IUDs have been around since the 1960s, but they’re still a relatively new option for American women. An IUD (short for intrauterine device) is a small T-shaped piece of plastic that’s inserted into your uterus by a doctor or nurse practitioner. Once in place, the IUD prevents pregnancy by releasing hormones or copper ions. The hormonal IUD prevents pregnancy by releasing progestin (the hormone found in birth control pills), which makes the cervical mucus thicker and harder for sperm to penetrate. Copper-based IUDs don’t prevent fertilization; instead, they cause a foreign object reaction that causes sperm to die before reaching an egg cell
IUDs are one of the most effective forms of birth control.
IUDs are one of the most effective forms of birth control. They’re over 99% effective, which means that less than 1 out of 100 women will get pregnant each year while using an IUD.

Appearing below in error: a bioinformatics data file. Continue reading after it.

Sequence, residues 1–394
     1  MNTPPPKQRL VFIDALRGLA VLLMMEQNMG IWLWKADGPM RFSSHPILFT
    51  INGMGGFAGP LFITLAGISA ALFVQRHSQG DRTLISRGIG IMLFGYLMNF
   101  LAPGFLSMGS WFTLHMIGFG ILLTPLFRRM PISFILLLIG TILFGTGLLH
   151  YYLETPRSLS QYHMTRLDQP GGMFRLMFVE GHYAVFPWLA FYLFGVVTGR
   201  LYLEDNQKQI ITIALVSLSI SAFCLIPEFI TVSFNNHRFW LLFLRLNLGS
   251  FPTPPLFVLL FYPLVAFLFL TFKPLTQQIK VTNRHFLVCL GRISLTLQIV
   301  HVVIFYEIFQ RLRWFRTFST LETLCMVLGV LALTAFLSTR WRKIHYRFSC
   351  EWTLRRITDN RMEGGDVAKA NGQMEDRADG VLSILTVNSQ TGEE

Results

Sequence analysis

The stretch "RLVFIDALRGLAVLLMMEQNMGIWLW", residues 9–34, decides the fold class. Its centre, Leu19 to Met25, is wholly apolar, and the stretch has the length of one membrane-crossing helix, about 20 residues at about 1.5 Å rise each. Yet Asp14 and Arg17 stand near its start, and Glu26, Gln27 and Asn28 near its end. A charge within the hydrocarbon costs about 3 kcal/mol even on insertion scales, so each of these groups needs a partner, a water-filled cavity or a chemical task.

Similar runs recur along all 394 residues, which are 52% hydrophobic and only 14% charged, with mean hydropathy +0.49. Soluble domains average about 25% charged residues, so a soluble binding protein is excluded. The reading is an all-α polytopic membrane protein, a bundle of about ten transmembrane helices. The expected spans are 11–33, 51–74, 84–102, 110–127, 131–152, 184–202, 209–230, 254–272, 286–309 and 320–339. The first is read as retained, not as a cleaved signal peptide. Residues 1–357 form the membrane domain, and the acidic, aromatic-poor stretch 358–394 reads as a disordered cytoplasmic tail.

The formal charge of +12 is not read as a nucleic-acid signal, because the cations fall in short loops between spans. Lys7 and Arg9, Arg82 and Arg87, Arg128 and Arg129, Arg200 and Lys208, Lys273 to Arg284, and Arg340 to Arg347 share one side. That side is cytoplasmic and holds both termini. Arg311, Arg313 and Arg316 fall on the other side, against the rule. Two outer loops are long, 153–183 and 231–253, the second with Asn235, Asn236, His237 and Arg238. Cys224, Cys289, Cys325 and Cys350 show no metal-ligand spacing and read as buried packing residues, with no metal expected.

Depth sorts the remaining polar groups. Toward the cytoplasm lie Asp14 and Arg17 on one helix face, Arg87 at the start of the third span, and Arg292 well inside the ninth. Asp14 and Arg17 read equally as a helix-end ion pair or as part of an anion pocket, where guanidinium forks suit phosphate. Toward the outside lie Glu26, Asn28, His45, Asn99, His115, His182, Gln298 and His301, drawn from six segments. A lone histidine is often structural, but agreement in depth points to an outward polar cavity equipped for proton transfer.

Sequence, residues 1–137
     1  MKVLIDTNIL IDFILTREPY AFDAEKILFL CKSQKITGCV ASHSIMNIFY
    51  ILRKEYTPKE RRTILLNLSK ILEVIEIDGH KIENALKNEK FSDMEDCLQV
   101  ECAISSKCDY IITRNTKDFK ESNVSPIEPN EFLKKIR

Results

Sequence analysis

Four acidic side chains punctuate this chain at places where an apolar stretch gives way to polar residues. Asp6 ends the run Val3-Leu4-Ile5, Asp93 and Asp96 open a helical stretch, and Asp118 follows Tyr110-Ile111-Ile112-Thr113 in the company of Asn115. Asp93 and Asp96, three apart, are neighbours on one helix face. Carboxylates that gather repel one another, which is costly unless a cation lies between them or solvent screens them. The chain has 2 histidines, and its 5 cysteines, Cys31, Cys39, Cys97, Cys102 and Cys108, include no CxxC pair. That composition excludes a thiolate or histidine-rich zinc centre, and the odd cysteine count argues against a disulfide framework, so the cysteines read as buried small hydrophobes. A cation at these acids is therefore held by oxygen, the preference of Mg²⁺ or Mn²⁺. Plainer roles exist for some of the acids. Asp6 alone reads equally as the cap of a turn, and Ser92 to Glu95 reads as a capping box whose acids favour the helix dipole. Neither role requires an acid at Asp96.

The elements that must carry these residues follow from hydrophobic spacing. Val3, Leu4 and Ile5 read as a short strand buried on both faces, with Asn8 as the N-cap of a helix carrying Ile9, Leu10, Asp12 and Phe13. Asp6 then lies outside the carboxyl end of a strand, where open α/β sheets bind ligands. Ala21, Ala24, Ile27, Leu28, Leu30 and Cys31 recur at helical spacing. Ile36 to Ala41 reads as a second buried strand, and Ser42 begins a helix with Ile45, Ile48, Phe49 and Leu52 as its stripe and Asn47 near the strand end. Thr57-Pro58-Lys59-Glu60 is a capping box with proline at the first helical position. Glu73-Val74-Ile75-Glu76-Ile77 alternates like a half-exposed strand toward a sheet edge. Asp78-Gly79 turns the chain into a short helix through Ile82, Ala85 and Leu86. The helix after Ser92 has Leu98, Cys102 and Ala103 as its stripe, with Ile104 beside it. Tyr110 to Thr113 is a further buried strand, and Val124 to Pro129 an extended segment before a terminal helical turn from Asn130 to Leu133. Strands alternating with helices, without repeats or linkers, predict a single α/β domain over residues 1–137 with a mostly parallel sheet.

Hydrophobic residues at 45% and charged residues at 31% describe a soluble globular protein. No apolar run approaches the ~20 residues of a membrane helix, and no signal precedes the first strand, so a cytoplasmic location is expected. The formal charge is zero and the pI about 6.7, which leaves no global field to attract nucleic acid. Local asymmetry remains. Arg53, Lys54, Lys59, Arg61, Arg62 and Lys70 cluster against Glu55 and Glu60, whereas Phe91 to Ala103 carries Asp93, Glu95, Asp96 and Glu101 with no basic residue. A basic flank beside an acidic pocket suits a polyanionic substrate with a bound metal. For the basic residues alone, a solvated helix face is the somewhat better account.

IUDs are also reversible, so if you decide you want to get pregnant or stop using birth control altogether, it’s easy to remove your IUD at any time.
They’re good for five to ten years, depending on the type you get.
Copper IUDs are good for up to 10 years, depending on the type you get. Hormonal IUDs are effective for five years. If you want to keep your IUD indefinitely, ask your doctor about replacing it before its expiration date.
Copper IUDs are T-shaped devices made of soft plastic with copper wires wrapped around the stem; they’re inserted into the uterus by a health care provider and left in place until they need to be removed (usually between 5 and 10 years later). The device prevents sperm from reaching an egg by impeding their movement through the fallopian tubes and fertilizing it once inside an ovary, as well as preventing ovulation … READ MORE ...